The FA’s rulebook, says the use of racial term elevates the offence. There is an “increased sanction” if the accused made “a reference to any one or more of a person’s ethnic origin, colour, race”. Slurs on sexual orientations remain in the realm of “threatening, abusive, indecent or insulting words or behaviour”.
It’s a wonder the FA’s E3, from which those quotes are taken, doesn’t result in mass bans and fines after every football match. But, then, it’s not always that a desperate-to-be-liked police get involved.
And what of Efford’s view that context doesn’t matter? Anyone sane knows that it does. Things are said under provocation and in the heat of a moment. After “FCB”, Terry sought out Ferdinand and, as the FA’s report states:
“Mr Terry then shook Mr Ferdinand’s hand and the latter left the dressing room.”
Terry might well be an odious dickhead, but that’s not a crime. But the righteous got their teeth into the matter. In a bid to pin something on Terry, the FA tried to prove that he has form:
Barcelona case: Comments made by Terry after he was sent off against Barcelona in the second leg of the Champions League semi-final for kneeing Alexis Sanchez where he was reported to have said it was not “deliberate” were considered. Insufficient evidence meant they could not place any weight on this, but the incident did “undermine” character witnesses who suggest Terry has “preternatural reserves of self-control”.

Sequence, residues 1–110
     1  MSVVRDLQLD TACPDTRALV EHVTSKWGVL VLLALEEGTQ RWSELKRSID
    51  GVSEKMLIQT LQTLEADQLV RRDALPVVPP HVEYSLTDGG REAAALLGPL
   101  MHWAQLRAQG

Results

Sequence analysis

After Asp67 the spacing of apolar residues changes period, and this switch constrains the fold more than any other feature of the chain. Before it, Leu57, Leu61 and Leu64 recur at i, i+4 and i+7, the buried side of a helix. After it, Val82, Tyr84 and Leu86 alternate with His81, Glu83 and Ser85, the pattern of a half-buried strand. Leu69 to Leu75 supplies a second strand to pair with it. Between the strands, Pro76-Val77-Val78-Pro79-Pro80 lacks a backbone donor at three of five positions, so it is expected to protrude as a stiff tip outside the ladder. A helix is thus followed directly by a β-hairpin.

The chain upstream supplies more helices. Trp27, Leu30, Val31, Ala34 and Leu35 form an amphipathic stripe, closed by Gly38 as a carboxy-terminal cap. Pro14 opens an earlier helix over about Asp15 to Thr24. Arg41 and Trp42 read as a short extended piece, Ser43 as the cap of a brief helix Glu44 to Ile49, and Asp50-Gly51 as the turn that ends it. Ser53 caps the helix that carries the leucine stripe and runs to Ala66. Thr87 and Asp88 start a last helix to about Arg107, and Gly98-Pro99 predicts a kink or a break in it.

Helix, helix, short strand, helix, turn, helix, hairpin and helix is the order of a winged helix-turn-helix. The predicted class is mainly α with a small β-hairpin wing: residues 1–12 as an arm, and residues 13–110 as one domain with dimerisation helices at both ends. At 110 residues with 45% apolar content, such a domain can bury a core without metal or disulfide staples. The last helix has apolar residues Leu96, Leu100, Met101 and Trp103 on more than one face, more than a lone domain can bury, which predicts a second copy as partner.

A foul, and the player’s expression that he thought the challenge fair is a sign that the player is of poor character and behaves badly on the pitch?
Back to Ashley Cole, who reacted to the news that Terry had been banned and fined by the FA for the “FCB” affair with the tweet:
“Hahahahaaaaaa. Well done #FA. I lied did I? BUNCH OF TW***.”
Cole went to court and testified in Terry’s defence. It was Cole who told the court “we shouldn’t be sitting here”.
Cole is understandably upset. The FA’s report features the chapter “evolution of Ashley Cole’s evidence”. It states: